The kit shown here saw Joe and the rest of the Bat Out of Hell cast through those three years of touring. It’s a 1970s-era Slingerland outfit with a natural mahogany finish. It features the single-headed concert toms that were so popular at that time. These toms are particularly deep, however, creating the powerful attack that helped Joe drive the band on their arena and stadium performances around the world.
The suspended concert toms are 6”, 8”, 10”, 12”, 14”, and 16” in diameter. The kit also includes a 14” x 22” bass drum, 16” x 16” and 18” x 18” double-headed floor toms, and a 6½” x 14” snare drum. The pedals and stands are all the original Slingerland models. The bass drum head has a graphic with Joe’s name and a version of the Bat Out of Hell imagery, and all of the drums are signed by Joe on the inside of the shells. The snare drum batter head carries a greeting from Joe to the author.
In February of 2012 Van Halen toured in support of their album A Different Kind of Truth. The Ludwig maple drum kit that Alex assembled for the tour features gold hardware on the drums, along with a reflective engine-turned wrap finish.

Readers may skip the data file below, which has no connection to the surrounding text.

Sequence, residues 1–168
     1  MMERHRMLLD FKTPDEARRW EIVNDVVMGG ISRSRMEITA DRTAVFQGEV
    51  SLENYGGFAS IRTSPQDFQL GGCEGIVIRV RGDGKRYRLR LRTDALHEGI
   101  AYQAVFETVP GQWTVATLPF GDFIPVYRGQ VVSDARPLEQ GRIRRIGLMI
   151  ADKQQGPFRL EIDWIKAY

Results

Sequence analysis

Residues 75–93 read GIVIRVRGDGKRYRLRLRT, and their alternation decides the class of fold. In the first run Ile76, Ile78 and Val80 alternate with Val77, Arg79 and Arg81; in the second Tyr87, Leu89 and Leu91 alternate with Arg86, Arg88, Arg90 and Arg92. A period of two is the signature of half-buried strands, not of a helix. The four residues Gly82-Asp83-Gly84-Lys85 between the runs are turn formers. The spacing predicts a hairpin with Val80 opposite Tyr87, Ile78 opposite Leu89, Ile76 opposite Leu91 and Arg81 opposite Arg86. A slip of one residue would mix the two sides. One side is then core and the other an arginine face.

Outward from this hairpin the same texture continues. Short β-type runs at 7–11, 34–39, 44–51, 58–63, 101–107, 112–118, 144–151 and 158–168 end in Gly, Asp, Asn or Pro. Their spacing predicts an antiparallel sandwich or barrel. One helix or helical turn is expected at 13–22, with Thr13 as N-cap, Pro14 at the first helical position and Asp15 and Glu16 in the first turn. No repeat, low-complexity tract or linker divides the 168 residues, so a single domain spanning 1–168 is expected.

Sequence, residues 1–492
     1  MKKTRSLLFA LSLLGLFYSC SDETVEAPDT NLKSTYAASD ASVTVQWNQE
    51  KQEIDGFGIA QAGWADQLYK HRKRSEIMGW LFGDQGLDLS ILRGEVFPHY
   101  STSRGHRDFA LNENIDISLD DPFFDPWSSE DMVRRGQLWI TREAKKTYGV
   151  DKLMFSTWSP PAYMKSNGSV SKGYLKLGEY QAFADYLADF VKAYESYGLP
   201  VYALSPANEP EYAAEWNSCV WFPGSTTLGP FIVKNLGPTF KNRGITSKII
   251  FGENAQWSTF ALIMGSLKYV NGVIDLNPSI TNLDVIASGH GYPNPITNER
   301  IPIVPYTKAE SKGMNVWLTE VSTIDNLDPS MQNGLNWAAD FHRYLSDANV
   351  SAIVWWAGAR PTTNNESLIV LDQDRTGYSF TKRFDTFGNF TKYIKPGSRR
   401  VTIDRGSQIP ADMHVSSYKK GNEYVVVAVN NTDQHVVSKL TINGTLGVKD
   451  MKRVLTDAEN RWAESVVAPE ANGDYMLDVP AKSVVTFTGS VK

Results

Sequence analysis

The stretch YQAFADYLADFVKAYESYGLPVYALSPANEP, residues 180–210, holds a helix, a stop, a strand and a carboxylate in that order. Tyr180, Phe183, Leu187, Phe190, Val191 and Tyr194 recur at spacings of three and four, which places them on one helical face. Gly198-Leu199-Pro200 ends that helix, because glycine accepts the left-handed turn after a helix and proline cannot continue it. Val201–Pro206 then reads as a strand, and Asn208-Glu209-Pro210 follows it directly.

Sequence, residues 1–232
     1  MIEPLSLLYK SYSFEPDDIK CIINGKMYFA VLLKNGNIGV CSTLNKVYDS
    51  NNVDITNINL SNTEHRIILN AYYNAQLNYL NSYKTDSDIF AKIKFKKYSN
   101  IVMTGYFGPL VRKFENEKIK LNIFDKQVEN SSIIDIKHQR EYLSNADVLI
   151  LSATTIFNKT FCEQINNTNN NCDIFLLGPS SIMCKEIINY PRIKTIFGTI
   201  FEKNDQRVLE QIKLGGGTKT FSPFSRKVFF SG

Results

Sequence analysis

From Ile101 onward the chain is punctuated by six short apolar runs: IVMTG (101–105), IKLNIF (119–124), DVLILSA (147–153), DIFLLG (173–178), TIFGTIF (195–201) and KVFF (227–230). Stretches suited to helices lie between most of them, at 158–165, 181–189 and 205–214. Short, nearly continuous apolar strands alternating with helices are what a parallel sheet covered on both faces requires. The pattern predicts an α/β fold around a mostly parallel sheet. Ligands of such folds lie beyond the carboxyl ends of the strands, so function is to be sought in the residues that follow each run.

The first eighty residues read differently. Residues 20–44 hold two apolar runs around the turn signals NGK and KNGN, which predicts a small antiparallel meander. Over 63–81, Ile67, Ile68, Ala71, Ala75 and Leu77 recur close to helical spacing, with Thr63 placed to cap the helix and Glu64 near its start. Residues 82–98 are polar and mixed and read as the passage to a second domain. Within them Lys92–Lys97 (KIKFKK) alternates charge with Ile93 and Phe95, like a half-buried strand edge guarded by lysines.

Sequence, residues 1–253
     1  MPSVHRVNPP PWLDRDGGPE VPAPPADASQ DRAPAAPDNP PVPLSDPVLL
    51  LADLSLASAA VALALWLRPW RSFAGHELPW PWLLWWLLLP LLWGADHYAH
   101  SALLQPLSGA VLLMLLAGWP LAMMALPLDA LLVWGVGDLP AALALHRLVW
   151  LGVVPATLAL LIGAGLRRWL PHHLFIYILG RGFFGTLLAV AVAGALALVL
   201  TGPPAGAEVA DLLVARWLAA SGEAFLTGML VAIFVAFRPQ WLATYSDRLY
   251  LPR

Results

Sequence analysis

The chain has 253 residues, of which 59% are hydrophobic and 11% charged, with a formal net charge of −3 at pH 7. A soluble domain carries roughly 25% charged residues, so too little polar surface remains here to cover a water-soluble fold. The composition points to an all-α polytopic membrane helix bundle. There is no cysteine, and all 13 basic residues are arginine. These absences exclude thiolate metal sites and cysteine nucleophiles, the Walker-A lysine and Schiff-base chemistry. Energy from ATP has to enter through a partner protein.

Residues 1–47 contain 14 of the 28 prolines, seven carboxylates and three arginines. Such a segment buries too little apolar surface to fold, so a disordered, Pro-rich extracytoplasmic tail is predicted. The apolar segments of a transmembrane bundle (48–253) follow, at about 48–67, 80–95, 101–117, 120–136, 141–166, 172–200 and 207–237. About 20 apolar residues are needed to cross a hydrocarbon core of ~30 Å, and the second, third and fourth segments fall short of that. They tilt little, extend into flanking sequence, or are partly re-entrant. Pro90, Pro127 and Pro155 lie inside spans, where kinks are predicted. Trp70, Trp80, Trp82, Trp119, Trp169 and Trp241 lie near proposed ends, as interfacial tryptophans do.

The kit features two main 16” x 26” bass drums, each of which has a 14” x 26” drum clamped directly in front—all with their batter and resonant (front) heads still on. Two outer 18” bass drums are also added, each of which has an O’Doule’s beer tap handle fitted into its front head.
Rack toms are 8” x 12” and 9” x 13”, with 16” x 16” and 16” x 18” floor toms. The snare is a 6½” x 14” matching maple-shell drum. A pair of Taye chrome timbales and four 6”-diameter deep-shelled melodic toms are to the far left on the kit. Bass drum pedals are Ludwig Speed King models, while the hi-hat, cymbal arms, and drum rack are by Drum Workshop.
The cymbals are a selection of Paiste models reflecting Alex’s choice of size and type. These include his 24” Alex Van Halen Signature Big Ride, which Paiste introduced in 2004.
This drum set was used by Charlie Watts for the rehearsals in advance of the Stones 2012 50th anniversary tour. Charlie Watts requested a Gretsch similar to his vintage stage kit. Histrorian & drum shop owner Steve Maxwell provided the drums in the following configuration: Gretsch 8×12, 16×16, 14×22 USA Custom with a slightly aged finish to be some what close to Charlie’s in terms of basic color.